For the moment, Potsdamerstrasse still has a curious charm, the charm of the Berliner Bratwunder (Fried Wonder), the Ave Maria religious knickknack shop, the Surprise Club and Disco, the Pushel Pub. Tatau Obscur neighbours Harb Import-Export and the Turkish outdoor supermarket with its oversized cabbage heads across the street from LSD (Love, Sex, Dreams). It’s the kind of charm that sucked us all into the vortex of Berlin-Mitte many years ago (minus the cabbage heads), the very same vortex that now incomprehensibly sucks flocks of Italians and wheelchair tourists through the bottleneck of the Hackescher Markt, so full of passersby one cannot pass by. Next thing you know they’ll be holding audio guides to their ear with images of the area displayed on their smart phones. But why is that area so beloved by strangers to Berlin? Because it offers them the familiar: the skinny peppermint mocca. Potsdamerstrasse, on the other hand, is the garden-variety of delight. Potsdamerstrasse is uncanny.
I would argue that it is the uncanny that yoked us into this city in the first place, Freud’s uncanny, familiar things made strange, Berlin’s uncanny horizons for the most part, things seen from the level of the street.
To explain: Berlin is a horizontal city. Rather than piling high changes—i.e., the verticality of New York City, Sao Paolo, Hong Kong—changes in Berlin take place along the horizon. Changes are not stacked (1, 2, 3) but rather lined up in a row (A, B, C), without the row being a row. This is what makes these changes so noticeable, no arching of the neck required, nor elevators to scratch the sky.
Recently, I stood in front one of Berlin’s new horizons, Annika Eriksson’s Shop Front Coherence (2011) in the window of the newly relocated Krome Gallery on Potsdamerstrasse. It’s a shopfront window that looks like an objet trouvé, perhaps a window Eriksson found somewhere down the street and transplanted to the gallery. It certainly looks “coherent” with the neighbourhood, it jibes with it. But it’s neither an objet trouvé, nor a re-make (appropriation), nor a transplant (readymade). It’s the doubling of the “idea” of an art gallery storefront, and, in specific, the “idea” of a storefront on Potsdamerstrasse. It’s so uncanny, it begs the question: for whom is this window uncanny? You see, Eriksson hired decorators, a window-display firm, to do all the work, and curator Katharina Krawczyk had a heavy hand in helping out. The result is the brilliant conception of what the storefront of an art gallery should look like, created by people in the business of window displays. It is the manufactured simulacra of a nonexistent original. It is coherent yet incomprehensible as its function is reduced to a mere signifier of the thing-in-itself. (The exhibition behind the storefront has nothing to do with Annika Eriksson’s allotted project space).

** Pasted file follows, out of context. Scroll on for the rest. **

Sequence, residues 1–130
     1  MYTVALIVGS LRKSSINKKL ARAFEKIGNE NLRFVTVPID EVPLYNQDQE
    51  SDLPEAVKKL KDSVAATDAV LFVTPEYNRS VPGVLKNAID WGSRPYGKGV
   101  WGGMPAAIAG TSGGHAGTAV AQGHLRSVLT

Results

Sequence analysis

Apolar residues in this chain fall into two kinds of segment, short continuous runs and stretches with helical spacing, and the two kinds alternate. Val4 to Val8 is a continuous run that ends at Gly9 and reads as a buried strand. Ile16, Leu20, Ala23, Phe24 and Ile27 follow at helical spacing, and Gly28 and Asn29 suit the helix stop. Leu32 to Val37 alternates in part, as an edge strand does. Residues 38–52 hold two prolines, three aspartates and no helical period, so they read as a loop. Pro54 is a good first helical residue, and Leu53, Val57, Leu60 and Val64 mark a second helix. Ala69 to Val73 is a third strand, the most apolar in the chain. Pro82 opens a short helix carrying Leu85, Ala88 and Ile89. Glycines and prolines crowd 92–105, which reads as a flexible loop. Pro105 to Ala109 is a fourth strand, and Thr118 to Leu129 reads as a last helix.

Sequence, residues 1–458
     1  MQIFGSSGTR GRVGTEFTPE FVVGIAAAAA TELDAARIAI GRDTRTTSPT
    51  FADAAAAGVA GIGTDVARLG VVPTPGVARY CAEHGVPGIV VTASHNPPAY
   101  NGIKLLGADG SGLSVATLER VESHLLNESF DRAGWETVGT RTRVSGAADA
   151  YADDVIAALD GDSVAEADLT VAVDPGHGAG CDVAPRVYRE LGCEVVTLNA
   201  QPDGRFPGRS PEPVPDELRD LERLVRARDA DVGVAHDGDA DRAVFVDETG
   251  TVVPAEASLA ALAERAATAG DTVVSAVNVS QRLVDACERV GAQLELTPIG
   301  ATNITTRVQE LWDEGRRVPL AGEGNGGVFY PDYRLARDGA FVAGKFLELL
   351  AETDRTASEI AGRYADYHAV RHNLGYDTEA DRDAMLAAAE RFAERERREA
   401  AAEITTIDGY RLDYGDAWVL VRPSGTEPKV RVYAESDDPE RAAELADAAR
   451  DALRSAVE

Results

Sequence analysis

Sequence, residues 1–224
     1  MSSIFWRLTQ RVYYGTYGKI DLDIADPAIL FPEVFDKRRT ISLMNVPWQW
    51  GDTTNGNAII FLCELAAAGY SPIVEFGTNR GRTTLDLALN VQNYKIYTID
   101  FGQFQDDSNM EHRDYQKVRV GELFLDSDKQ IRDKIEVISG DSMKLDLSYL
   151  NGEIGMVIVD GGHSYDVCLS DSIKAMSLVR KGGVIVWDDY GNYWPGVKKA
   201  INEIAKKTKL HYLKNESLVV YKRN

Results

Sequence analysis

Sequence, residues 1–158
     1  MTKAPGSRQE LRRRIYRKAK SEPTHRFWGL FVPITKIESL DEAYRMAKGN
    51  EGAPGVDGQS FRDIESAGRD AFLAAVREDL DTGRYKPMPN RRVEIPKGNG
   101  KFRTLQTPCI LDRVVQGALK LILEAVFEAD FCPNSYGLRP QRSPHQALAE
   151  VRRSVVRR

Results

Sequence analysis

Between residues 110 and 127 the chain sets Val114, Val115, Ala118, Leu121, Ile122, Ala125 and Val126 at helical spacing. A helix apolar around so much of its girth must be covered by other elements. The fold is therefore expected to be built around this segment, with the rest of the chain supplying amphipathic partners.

So what does this “idea” of an art gallery storefront look like? Eye candy. Popping colours. Bright lights. But then one has to consider more closely: the objects on view indicate a workshop, not the finished product. Here is where art is being made, quite literally, with bottles of paints and brushes and easels, to be sure. And a canvas, oddly quaint, with paint brushes nailed to the edges created a variety-show effect, akin to putting light bulbs around a marquee. Scattered playfully across colourful tables stacked on top of one another were the letters spelling out K-U-N-S-T and A-R-T, animated as if dancing across the screen of “Sesame Street.” Naked light bulbs dangling from red cords added the finishing touch; the kind of lighting that screams “This is so Contemporary.” Nothing seemed out of place: and that is what is so uncanny about it. But looking back on it, one has to ask what the red-polka-dotted valise (the perfect case for Crayolas to-go), oversized clothes pins, a small filing cabinet, and a rabbit figurine under a glass cake dish had to do with indicating an art gallery. I absolutely refuse to believe that the valise hints at Duchamp or the rabbit to Dürer or Beuys, no. No excessive associative activity is allowed here. These objects indicated a “coherence” with the neighbourhood, the kind of things you’d expect to find in a display window on Potsdamerstrasse. And that has nothing to do with nostalgia for a Potsdamerstrasse soon-to-disappear behind gallery fronts, or for that matter, the disappearance of sex shops, casinos, and the coming of Tofu Bonanza. Rather, in their own odd Potsdamerstrasse logic, they offered up a subtle moment of a coherence with the uncanny, Freud’s uncanny, the diminishing foggy logic which makes Berlin Berlin.
by April Lamm
[Image: The Pushel Pub; Harb Import-Export; The Turkish Market, all by Paco Arteaga for berlin art journal]